As hot streaks go, this one is more tepid. It began with the Dodgers salvaging the final game of a four-game series with the middling New York Mets, and if you can't win once in a four-game series with a middling opponent, you have real problems. It ended with a three-game sweep of one of the only teams in baseball that is worse offensively than the Dodgers, and it was a series that could well have gone the other way if the Padres could have scored more than one run in it.
Padres pitcher Mat Latos blanked the Dodgers for seven innings on Friday night before they finally scratched out the game's only run in the eighth, and Aaron Harang, in his first start in a month, combined with four relievers to no-hit the Dodgers for 8⅔ on Saturday before they came up with back-to-back hits to win in a walk-off.
Only in the finale did the Dodgers win comparatively decisively, and even then they wasted some big scoring chances in the early innings.
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The second half begins with a six-game trip against the Diamondbacks, who have played over their heads all season, and the San Francisco Giants, who happen to be the defending world champions and continue to lead the NL West.
But in a season that has been a whole lot of nothing for the Dodgers, this was at least something, a reason to feel good about themselves, a reason to forget about the ownership debacle for just a few days, a reason to hope.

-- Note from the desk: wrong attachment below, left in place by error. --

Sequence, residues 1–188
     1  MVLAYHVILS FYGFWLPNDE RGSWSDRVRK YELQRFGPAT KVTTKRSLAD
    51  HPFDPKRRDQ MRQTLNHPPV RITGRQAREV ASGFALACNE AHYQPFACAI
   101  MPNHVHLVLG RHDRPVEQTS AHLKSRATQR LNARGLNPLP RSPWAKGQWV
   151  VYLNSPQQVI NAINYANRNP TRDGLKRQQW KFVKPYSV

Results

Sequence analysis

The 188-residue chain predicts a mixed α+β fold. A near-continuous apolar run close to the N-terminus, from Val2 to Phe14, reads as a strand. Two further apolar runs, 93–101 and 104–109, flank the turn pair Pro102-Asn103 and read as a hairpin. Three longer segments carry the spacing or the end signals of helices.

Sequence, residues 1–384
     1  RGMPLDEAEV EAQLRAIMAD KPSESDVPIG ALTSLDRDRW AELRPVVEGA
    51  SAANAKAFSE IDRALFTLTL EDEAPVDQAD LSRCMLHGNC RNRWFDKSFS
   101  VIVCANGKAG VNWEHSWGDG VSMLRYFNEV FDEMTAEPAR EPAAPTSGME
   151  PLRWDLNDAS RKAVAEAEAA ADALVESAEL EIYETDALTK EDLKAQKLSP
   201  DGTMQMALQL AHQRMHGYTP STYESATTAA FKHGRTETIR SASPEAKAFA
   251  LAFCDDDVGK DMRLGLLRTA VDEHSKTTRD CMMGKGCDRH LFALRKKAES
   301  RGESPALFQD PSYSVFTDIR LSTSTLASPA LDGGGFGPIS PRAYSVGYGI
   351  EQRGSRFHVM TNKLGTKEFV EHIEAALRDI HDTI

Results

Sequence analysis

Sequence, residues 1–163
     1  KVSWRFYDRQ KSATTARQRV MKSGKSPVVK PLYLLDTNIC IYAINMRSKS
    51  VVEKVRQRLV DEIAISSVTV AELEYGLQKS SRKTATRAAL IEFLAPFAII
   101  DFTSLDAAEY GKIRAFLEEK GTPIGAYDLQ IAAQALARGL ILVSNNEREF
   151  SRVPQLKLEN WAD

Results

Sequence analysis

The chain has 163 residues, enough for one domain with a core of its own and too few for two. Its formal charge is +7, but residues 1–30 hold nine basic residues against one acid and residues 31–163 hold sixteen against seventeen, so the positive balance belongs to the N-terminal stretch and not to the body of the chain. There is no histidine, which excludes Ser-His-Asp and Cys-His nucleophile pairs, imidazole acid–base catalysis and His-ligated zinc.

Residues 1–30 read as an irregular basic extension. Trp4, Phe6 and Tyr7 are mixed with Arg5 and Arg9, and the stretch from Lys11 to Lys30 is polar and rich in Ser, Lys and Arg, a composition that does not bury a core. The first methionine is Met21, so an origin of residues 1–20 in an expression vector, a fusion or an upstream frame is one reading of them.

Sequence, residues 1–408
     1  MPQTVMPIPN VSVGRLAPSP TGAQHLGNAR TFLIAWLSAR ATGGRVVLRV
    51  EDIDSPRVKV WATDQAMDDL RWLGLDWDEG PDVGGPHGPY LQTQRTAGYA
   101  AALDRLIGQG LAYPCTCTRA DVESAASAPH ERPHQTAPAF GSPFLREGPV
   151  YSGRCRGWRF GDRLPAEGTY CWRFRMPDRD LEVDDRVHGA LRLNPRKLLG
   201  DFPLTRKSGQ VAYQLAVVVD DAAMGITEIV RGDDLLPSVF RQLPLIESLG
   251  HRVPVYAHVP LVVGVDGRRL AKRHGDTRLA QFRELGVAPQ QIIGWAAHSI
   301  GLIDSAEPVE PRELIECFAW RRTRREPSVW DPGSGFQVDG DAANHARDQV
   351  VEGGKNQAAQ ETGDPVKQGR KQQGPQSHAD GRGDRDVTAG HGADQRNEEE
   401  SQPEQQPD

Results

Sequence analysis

"There is a lot of baseball to be played," Mattingly said before the game. "We have a ton of games in our own division [42 of 70]. I'm not cashing any chips, that's for sure."
The odds are definitely against the Dodgers (41-51) even getting back to .500, something that would require a 40-30 record the rest of the way, much less challenging for a playoff spot. Again, they still aren't a very good offensive team beyond Ethier and Kemp. Chances are, there is a harsh reality awaiting them at some point in the second half, maybe even right at the start of it.
But if nothing else, what took place at Chavez Ravine over the past four days allows the Dodgers to enjoy the break and to believe there was some substance to it, even if the Padres were all-too-willing foils. Even Ted Lilly (6-9) found a way to get a win in the finale, his first in five starts and 29 days, by holding the Padres to a solo home run by Rob Johnson and little else of consequence.
If this was the college-age version of me, I probably would say the Dodgers should go through the motions for the next 2½ months, coast to the finish and look forward to a fresh start in 2012, when they can be all gung ho again. But again, that was a bad habit. And while this team might have a bad record, a bad offense and a bad success rate hitting with runners in scoring position, it doesn't appear to have too many bad habits.
We learned that much over the past four days.